Breadcrumb navigation is an element on a website that makes it much easier to navigate and use by offering quick links back to visited pages.
If you’re working on submitting a document or building a page, you don’t want to lose your place and this type of navigation helps you maintain your location. There are many ways to use this function but it typically appears as a secondary navigation bar which aids in finding landing pages and the higher-level pages faster than without them.
As the Website Owner, You Need to Know when to Include Breadcrumb Navigation
Does it Make Sense for the Structure of Your Website?
This type of navigation is linear and it can only be used on the pages you’re directing users to are on the same level. If you have lower-level pages that are accessible from various landing pages this type of navigation will cause confusion for readers who reach the same landing pages from different areas of your site.
Keep Your Bar Small
If your breadcrumb navigation tool is too large it will take over your page and dominate over your primary navigation bar. It’s easy to place your breadcrumb bar below an image or text to keep it from dominating the page or being the main bar that users might choose to move around on the website. Keep this bar smaller than the primary navigation structure.
Include a Full Navigational Path in this Bar
There are many parts to this secondary navigation that you need to include. Make it easier for your users to bounce back to a page they were on before and continue to use the page. One example would be an admissions page for college with a bar that might read “Home | Admissions | Undergraduate Students” Users could bounce back to the home page or from the undergrad page to the admissions page to continue filling out forms.
Your Bar Needs to Progress from Highest to Lowest Level
Your homepage is typically the highest page on your website and submissions forms are usually at the lowest level. Your breadcrumb navigation bar needs to read from highest to lowest from left to right. This makes it very easy for you to see the path from where you entered the site to where you are now and how you can get back to another page where you were using the site.
Titles Need Consistency
The titles used for the secondary navigation bar need to match the titles of your website pages. This is extremely important to avoid confusion for users who are trying to navigate through your pages and figure out how to use your site. Make things simpler and let this bar help them get to where they want to go.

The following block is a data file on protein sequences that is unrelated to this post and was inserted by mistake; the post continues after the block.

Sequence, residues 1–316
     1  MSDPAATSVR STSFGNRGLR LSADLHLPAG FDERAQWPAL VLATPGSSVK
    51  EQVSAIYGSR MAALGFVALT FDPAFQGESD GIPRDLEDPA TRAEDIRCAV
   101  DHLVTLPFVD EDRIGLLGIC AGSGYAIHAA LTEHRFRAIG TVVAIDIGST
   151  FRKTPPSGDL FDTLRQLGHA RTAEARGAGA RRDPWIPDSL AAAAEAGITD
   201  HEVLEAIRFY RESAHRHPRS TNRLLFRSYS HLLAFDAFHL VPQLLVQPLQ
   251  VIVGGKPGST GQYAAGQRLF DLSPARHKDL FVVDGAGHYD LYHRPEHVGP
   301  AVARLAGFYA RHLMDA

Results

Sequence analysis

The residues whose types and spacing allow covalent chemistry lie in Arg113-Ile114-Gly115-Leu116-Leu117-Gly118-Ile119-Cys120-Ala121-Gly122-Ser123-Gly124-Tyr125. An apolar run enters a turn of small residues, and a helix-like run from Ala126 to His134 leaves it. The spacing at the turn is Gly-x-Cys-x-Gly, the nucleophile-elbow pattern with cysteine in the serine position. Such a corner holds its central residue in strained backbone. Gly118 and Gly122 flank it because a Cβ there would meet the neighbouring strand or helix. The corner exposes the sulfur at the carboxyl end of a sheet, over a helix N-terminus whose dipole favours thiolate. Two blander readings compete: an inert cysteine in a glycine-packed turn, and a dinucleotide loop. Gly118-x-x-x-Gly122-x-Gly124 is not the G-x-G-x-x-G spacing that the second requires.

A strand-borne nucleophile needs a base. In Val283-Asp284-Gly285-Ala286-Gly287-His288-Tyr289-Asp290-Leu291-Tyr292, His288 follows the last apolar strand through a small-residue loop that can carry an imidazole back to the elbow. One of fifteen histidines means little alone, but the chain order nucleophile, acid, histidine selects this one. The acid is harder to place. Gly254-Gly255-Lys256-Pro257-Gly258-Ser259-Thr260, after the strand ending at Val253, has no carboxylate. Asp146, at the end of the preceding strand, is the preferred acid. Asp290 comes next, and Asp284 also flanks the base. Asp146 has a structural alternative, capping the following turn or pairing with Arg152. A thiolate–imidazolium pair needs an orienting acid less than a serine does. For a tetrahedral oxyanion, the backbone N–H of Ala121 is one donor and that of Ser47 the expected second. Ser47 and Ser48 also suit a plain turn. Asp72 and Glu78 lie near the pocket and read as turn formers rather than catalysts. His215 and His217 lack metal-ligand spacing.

You Don’t have to Stick to the Primary Design
Most website builders won’t change the design and structure of their breadcrumb navigation bar, but others will. You can get creative with where your bar appears and what information is included to help your users find their way back to pages easily. Placing this bar somewhere that makes sense for your users will help your customers find their way around your site.
Keep Your Bar Simple and Uncluttered
Unless a user wants to use this secondary bar, they shouldn’t see it. That doesn’t mean it shouldn’t be visible, just that it should not be bold and stand out in a way that will take over the page. Use a simple font, a color that doesn’t stand out too much, and an easy flow of text from page to page. This will keep it visible but also simple and uncluttered.
Which Type of Breadcrumb Navigation Bar Makes the Most Sense?
There are a few different types of navigation bars you can use to give your users an easy way to move through your site. You can use a location-based bar, attribute-based system, or history-based version. Learn the differences between these three bars and help your users move from one place to another with an easy path that shows up on your pages.
Understand Your Audience
Put yourself in the position of a user that will be on your website. How would you like to move from one page to another? Ask for some input from outside sources that could show you and give you the advice you’re looking for when you want to create this secondary navigation structure. When you know your audience, you’ll help them move through your website more easily and give them a clear path that can be used while on your website.
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